He puffed his cheeks solemnly and turned his claws in front of him, twisting them about, observing the unfortunate nicks chewed across the edges. Such disarray. Never had they been in such poor condition. Only a good jig would rest his dampened soul – but alas, those Nords would not allow him the pleasure. The rest of the Khajiit Caravan hadn't seemed any keener on his consonant exploits. An involuntary shiver travelled down his spine, reminding him that he'd better snatch up a heavy cloak whenever he had the chance. He was dressed in a tight, form-fitting leather vest, which obscured very little of his furred frame. His garments allowed for flexibility and agility; which was little required in such a frozen wasteland. To allow him to really stretch his legs if need be, in combat, while sprinting, or even climbing. The pines speckled across the landscape were hardly noteworthy. There were no hanging vines or interconnected trees or dewy waterfalls with overhanging vegetation. Even still, the Khajiit was unused to Skyrim's prickly pines, looming mountains and that fluffy substance they called snow.

The striped Khajiit hunched his shoulders against the wind, rubbing his arms as if that would somehow lend him some warmth. They were getting some particularly nasty looks from the surrounding troupe of Imperials, not so subtly thrown over their shoulders as they continued walking. On more than one occasion, he asked why they were following so closely, and each time he was met with the same halfhearted response: same direction, same road, same path, nosey. Apparently, the nomadic merchants wanted nothing to do with his curiosity: or him, for that matter. He caught them saying so one night while they thought he slept. His heart had clenched, forming a tight ball of comprehension. Fine, fine. More the better, they'd lose out on a grand adventure. And so, the striped Khajiit ventured dangerously close to the Imperial group, busying his hands behind his back, and walking as if he were suddenly on a tightrope, performing for a much more pleasant crowd.

The convoy, Imperials and Stormcloaks and Khajiit and all, rolled on into the Reach, their leader remaining proud, even if his company had paid dearly for their capture of the Stormcloak rebels. The Khajiit were a mere annoyance, a threat they had to be aware of, but one they could do little about. They were causing no trouble, and it was unlikely they were spies, nor could it be said that they were harassing the men. Still, Aelius would be asking them to hold back sooner rather than later, especially if they caused any trouble.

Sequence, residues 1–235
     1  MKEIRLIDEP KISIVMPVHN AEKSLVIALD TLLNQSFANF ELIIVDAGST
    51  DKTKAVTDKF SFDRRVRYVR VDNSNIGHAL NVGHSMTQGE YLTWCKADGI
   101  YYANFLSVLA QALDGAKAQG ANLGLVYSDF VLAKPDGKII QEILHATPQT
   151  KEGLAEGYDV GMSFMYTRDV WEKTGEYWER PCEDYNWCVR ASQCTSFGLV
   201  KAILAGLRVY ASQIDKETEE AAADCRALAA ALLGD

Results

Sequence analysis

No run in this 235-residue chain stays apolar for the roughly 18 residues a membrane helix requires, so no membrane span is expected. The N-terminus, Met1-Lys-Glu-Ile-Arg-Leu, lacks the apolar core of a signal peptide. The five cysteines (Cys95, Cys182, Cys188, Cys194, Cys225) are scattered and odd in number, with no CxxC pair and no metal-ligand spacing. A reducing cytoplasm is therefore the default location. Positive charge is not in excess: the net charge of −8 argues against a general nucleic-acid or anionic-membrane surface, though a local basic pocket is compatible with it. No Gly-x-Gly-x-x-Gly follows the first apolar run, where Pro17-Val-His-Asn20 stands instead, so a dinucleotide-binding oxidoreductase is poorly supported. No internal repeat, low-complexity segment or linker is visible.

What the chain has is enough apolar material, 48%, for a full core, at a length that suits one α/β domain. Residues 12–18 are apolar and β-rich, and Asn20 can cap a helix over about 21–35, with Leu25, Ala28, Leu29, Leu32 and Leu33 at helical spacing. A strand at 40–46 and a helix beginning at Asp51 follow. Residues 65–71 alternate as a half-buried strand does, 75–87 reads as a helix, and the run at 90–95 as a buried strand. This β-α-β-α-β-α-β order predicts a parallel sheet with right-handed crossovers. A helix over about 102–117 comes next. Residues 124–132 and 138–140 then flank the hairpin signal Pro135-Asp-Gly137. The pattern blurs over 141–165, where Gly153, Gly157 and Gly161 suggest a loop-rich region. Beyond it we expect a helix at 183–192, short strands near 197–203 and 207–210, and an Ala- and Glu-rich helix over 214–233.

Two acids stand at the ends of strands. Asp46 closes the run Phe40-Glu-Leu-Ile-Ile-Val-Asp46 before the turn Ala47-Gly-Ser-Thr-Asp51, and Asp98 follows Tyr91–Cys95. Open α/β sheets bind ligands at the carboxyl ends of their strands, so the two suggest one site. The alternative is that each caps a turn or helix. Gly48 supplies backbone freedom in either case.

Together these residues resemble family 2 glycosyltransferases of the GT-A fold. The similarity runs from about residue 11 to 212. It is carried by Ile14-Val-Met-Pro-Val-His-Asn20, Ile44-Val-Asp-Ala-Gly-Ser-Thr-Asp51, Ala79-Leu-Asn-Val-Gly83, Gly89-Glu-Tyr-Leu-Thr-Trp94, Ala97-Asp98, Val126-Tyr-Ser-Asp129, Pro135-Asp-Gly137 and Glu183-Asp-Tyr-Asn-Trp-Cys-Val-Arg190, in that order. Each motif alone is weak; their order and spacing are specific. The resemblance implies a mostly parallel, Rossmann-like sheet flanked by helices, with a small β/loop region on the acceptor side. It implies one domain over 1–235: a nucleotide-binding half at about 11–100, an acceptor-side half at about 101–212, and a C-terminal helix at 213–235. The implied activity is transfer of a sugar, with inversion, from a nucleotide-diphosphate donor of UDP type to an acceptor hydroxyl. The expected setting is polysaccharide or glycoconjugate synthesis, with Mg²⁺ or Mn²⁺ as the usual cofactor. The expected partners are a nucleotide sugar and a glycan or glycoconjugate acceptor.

He held up a single fist upon noticing the pair of travelers on the road, and the caravan ground to a halt, the Stormcloak prisoners stirred from the monotony, craning their heads about around each other to see what had caused the captain to stop. It was not surprising that they were armed, given their current location. The woman carried a sword and the man a shield, and both wore the robes of mages, though the man's gloves and boots were plated with Nordic-made steel. Aelius spoke down to them from atop his horse, the majority of his men seeming glad for the opportunity to rest.

"Hail, travelers. A dangerous place to stand about in the road, wouldn't you say? This is an Imperial convoy. Please step aside. These prisoners must be delivered to their destination with all haste." There was silence for a brief moment, before a loud and booming voice spoke up from the prisoner's wagon. "Hail, Sellswords!" At which point the entirety of the group of prisoners shouted together. "HAIL!"

Aelius looked a bit dumbfounded, glancing back at his prisoners. "...Shut it back there!" he called. Lynly merely grinned to herself.